## FM Signal Demodulation

## FM Signal Demodulation

(OP)

Hi,

I have recorded an encoder signal from a rotating machine. It is captured as a .WAV file. Is there a signal processing software available to "demodulate" the signal? I am interested in the torsional vibration of this machine's shaft. The encoder signal should contain this information as Frequency Modulation.

Thanks for your help.

Skip Hartman

I have recorded an encoder signal from a rotating machine. It is captured as a .WAV file. Is there a signal processing software available to "demodulate" the signal? I am interested in the torsional vibration of this machine's shaft. The encoder signal should contain this information as Frequency Modulation.

Thanks for your help.

Skip Hartman

## RE: FM Signal Demodulation

Cheers

Greg Locock

## RE: FM Signal Demodulation

This should allow you to see what you're looking for

hope this helps

Jason

## RE: FM Signal Demodulation

Greg, which of the programs you listed would you recommend. I can look into acquiring the program that is the easiest to use for this task. I am looking into an upgrade to a program that I currently use from Sound Technologies. The upgrade is supposed to be capable of Amplitude Demodulation but the support guy I talked to seemed to not really know if it had any features for Frequency Demodulation. It does have the Hilbert Transform and I can see where that would be helpful for Amplitude Demodulation. Greg, can the Hilbert Transform do anything to help with Frequency Demodulation?

Skip

http://www.machinerywatch.com

## RE: FM Signal Demodulation

Matlab is enormously powerful and fast, but has an inscrutable user interface.

Scilab is a free equivalent to Matlab. I mostly use this at home, since I'm not going to cough up for Matlab, and my copy of MathCad dates from 1994, and doesn't seem to like modern operating systems.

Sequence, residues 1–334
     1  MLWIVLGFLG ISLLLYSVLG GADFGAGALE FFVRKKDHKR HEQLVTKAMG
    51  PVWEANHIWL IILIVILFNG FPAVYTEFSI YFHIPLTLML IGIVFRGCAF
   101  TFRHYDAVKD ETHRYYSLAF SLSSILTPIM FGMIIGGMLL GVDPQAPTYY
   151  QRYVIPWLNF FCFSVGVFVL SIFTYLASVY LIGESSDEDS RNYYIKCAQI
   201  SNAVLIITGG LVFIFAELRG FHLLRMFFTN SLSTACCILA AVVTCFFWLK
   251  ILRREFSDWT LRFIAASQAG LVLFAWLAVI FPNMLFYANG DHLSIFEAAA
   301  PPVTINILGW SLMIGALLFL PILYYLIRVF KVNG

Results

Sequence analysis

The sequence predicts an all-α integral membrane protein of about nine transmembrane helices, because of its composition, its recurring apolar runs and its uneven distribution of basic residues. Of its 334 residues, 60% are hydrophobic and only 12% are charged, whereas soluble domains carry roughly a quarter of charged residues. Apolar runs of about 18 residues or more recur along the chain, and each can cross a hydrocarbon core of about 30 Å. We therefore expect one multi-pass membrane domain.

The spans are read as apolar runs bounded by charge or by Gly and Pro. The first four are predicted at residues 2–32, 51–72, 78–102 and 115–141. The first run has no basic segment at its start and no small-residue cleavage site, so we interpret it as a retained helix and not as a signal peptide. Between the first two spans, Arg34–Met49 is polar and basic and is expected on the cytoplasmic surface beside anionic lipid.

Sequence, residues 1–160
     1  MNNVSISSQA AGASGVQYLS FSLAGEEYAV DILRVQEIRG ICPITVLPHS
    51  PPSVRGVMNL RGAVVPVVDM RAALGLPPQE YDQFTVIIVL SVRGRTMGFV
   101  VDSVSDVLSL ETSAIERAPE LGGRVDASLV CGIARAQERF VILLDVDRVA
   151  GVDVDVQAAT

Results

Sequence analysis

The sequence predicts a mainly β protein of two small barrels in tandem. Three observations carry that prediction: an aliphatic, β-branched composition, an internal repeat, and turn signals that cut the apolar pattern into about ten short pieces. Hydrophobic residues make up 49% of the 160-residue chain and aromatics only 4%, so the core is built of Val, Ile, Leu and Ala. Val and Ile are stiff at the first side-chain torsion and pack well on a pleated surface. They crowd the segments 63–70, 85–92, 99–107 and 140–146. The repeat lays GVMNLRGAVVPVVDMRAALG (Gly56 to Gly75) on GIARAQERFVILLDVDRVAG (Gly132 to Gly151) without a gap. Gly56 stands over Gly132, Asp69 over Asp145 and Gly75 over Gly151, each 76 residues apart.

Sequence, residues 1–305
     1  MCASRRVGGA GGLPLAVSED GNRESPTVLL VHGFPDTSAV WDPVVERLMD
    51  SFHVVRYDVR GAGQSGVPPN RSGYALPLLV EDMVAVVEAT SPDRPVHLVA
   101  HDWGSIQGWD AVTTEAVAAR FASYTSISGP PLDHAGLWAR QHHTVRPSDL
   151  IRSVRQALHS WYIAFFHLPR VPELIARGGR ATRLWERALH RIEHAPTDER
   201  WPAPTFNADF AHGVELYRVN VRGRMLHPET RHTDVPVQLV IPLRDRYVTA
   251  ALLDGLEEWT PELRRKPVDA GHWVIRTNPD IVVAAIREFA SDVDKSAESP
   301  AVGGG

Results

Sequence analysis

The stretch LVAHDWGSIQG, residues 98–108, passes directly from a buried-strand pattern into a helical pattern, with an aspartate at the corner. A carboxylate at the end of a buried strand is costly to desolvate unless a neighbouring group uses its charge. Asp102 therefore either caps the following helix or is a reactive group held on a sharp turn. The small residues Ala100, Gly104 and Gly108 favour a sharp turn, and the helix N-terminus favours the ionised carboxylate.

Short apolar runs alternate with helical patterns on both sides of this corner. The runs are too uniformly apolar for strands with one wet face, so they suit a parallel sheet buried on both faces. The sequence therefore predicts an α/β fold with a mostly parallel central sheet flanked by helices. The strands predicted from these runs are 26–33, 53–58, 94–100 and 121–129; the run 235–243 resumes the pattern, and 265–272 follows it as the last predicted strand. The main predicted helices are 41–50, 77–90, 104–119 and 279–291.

Excel is the least suitable program for this task.

So for prototyping and investigations I'd use MathCad. For continuous repetitive use I'd pick Matlab or Scilab.

If you think about it there aren't many steps here, all you really want to do is demodulate the FM signal into a normal time history file, then you can use any of your normal signal analysis programs on it. Therefore in the long run it might be worth knocking together a Basic program to demodulate the signal and write it out to another file.

I have no experience, and no understanding, of Hilbert functions. Seismologists do use them, so I am guessing they are some sort of envelope analysis. I can see how envelope analysis might apply to FM signals, but it does puzzle me. They also tie somewhat into wavelet analysis, apparently.

http://www.bksv.com/pdf/bo0437.pdf for an intelligible yet unconvincing introduction.

I'll do a quick webpage on FM demodulation today. Oh, you might want to check with Tom Irvine, he has never failed to come up with a solution so far. My webpage will be at http://www.geocities.com/greglocock/fm.htm

Cheers

Greg Locock

## RE: FM Signal Demodulation

Anyway I've posted what I've done so far. I'll do some more research.

Cheers

Greg Locock

## RE: FM Signal Demodulation

I cannot see what I have done wrong.

The idea is so simple that it must be my implementation rather than anything else.

The equation of the FM waveform is

FM(t)=sin(c*t+k*signal(t))

where c is the carrier wave's circular frequency (ie number of teeth *rpm/60*2 *pi) and k is a scaling constant.

The instantaneous frequency of the FM waveform is then approximated by the inverse of the time between successive positive going zero crossings.

I'm guessing I'm in some sort of aliasing/numerical black hole in the example on my web page.

Cheers

Greg Locock

## RE: FM Signal Demodulation

John Solar

## RE: FM Signal Demodulation

Thanks for the link to Scilab! I had been thinking of buying a Matlab license to use after my retirement, but I had hoped to find something less costly.

Your link was right on target - both with regards to costs and timewise. Thanks!

Gunnar Englund

www.gke.org